NOW Hunters Point
Role:Designer, Strategist, Community Engagement Lead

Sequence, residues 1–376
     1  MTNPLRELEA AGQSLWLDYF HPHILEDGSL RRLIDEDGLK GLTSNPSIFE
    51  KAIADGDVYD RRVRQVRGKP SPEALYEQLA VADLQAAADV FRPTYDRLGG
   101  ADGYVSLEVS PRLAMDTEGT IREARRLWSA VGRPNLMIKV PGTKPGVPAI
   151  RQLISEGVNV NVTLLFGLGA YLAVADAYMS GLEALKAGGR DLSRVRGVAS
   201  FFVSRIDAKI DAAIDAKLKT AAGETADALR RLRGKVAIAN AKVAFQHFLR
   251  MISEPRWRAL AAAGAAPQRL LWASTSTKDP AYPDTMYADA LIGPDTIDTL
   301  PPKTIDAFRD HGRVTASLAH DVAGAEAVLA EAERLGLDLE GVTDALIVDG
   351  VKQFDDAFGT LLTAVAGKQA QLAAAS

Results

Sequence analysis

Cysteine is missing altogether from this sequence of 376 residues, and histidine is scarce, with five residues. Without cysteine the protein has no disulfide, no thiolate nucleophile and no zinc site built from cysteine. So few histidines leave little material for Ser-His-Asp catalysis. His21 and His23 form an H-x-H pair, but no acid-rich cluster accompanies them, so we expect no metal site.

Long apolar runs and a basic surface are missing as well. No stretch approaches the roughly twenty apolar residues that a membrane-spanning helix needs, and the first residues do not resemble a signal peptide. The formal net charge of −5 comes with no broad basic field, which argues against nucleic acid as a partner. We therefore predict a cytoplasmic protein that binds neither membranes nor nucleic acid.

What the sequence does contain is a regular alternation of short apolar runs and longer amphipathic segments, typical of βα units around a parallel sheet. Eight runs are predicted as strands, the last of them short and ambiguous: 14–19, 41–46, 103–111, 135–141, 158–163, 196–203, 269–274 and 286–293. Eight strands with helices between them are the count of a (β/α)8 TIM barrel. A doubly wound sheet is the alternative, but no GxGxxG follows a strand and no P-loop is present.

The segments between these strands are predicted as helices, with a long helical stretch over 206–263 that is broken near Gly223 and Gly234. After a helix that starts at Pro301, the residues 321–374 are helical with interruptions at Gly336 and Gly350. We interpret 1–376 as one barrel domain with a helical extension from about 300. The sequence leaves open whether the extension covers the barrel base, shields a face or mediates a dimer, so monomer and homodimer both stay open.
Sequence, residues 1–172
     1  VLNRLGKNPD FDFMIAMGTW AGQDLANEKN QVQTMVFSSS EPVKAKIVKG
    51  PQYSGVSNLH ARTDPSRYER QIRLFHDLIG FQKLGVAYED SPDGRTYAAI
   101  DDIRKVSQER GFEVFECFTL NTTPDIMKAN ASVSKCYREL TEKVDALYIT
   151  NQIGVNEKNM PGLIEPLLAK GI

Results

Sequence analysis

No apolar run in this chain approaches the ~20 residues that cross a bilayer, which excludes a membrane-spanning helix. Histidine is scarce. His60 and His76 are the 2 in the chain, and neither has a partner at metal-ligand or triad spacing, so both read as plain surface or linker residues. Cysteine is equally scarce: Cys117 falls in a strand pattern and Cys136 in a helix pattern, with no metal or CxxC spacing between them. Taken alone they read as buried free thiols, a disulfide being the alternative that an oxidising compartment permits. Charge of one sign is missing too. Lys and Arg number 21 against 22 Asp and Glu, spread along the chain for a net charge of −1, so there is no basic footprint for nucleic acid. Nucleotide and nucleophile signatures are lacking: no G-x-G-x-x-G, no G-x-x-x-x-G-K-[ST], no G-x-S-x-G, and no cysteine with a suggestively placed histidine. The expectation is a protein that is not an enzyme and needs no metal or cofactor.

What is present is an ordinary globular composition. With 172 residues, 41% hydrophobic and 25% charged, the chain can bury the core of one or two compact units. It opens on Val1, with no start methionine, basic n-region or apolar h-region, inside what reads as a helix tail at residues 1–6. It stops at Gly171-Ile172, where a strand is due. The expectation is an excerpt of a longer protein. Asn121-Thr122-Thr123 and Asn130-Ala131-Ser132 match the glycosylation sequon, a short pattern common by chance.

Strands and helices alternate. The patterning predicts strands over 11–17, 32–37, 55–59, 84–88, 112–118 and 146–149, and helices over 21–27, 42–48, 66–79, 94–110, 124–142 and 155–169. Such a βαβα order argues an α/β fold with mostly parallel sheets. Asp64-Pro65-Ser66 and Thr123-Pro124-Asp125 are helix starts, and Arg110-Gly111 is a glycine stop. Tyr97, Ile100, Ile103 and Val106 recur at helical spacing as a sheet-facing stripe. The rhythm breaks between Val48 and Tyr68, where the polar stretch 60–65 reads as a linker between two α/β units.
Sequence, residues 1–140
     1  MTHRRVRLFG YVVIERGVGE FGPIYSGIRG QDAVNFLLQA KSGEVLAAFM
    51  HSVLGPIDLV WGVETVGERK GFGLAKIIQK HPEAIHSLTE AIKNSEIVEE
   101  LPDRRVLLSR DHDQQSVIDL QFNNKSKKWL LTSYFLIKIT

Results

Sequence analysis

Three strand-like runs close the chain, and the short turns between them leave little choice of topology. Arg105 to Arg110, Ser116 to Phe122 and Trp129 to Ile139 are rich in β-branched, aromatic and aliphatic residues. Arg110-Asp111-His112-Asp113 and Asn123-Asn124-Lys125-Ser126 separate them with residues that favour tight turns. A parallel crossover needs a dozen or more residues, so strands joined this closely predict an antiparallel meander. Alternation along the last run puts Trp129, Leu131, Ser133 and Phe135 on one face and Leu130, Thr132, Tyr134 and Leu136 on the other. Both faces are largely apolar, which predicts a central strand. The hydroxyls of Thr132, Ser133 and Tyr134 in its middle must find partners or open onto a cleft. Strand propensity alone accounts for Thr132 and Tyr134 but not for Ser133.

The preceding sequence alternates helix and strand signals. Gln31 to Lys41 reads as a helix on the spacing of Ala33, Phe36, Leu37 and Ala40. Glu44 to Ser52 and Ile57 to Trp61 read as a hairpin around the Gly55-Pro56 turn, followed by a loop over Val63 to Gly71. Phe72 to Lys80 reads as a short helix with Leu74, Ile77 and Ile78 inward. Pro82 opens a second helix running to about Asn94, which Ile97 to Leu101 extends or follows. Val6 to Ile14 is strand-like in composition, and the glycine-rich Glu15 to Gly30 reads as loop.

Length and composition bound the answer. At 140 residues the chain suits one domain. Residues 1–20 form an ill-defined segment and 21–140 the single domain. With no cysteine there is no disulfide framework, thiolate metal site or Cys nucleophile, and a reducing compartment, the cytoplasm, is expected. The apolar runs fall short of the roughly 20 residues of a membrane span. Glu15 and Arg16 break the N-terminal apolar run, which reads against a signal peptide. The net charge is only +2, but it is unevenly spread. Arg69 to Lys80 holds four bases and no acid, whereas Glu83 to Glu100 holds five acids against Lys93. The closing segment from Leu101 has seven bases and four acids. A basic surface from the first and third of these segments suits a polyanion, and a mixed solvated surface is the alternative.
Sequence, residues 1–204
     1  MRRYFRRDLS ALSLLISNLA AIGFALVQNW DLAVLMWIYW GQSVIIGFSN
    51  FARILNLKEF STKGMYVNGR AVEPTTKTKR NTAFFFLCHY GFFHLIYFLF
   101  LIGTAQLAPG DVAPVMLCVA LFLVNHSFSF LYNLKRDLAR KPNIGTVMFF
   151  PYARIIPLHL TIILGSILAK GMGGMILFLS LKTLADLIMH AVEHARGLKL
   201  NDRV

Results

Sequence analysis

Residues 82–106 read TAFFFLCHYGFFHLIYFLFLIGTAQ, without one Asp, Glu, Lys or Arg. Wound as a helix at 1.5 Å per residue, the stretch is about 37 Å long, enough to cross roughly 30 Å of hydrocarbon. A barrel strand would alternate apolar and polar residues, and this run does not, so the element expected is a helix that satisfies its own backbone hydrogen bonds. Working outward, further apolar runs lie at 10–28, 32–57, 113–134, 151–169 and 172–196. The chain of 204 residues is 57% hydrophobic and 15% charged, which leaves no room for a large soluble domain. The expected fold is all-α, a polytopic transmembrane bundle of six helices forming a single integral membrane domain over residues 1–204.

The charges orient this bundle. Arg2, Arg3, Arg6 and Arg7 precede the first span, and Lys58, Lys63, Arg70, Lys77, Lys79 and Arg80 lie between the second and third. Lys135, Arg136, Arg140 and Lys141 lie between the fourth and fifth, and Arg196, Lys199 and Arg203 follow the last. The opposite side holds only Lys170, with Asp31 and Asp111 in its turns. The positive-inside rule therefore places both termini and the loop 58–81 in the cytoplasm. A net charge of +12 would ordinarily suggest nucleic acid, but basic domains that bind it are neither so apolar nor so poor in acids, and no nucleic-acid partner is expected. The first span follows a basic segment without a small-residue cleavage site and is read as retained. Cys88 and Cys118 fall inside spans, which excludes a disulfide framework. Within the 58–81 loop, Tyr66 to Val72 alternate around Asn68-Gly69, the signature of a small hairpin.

This project asks the question of how to transform a former industrial zone into a dynamic activity center that can be embraced and stewarded by the diverse local community. For much of its history, San Francisco’s Bayview Hunters Point has been home to many industrial uses, including a power plant. In 2006, community lobbying helped lead to the closure of the power plant and its owner, PG&E worked with the community to undertake a process of remediation. Now that process is nearly complete and it’s time to begin the next chapter in the story of this place. In an attempt to capture what can be wanted and loved by the community, the project team has embraced an interactive community engagement process as the catalyst for the design. The neighborhood is incredibly diverse, containing a historical African-American community, a still active industrial workforce, an artist community, and a growing middle class community among others. Through early conversations with community members, it became clear that this is an area rich in stories that mark the area’s history and diversity but which there have been few outlets to share and capture them. Cognizant of this as well as the fact that it was hard for people to visualize a future for the site without never having been able to step foot on it, the team created an early intervention space that allows for tangible acts of listening and visioning. The current temporary structure, which was constructed in collaboration with local labor and youth, is an event space that can serve as a platform for multiple programs that can test what can ultimately be on the site. Most recently, the project team collaborated with StoryCorps, a national storytelling project, and Circus Bella, a local community circus. Through these dynamic events, community members have been able to share stories of the past, successes and struggles of the present, and hopes for the future with the project team and with one another.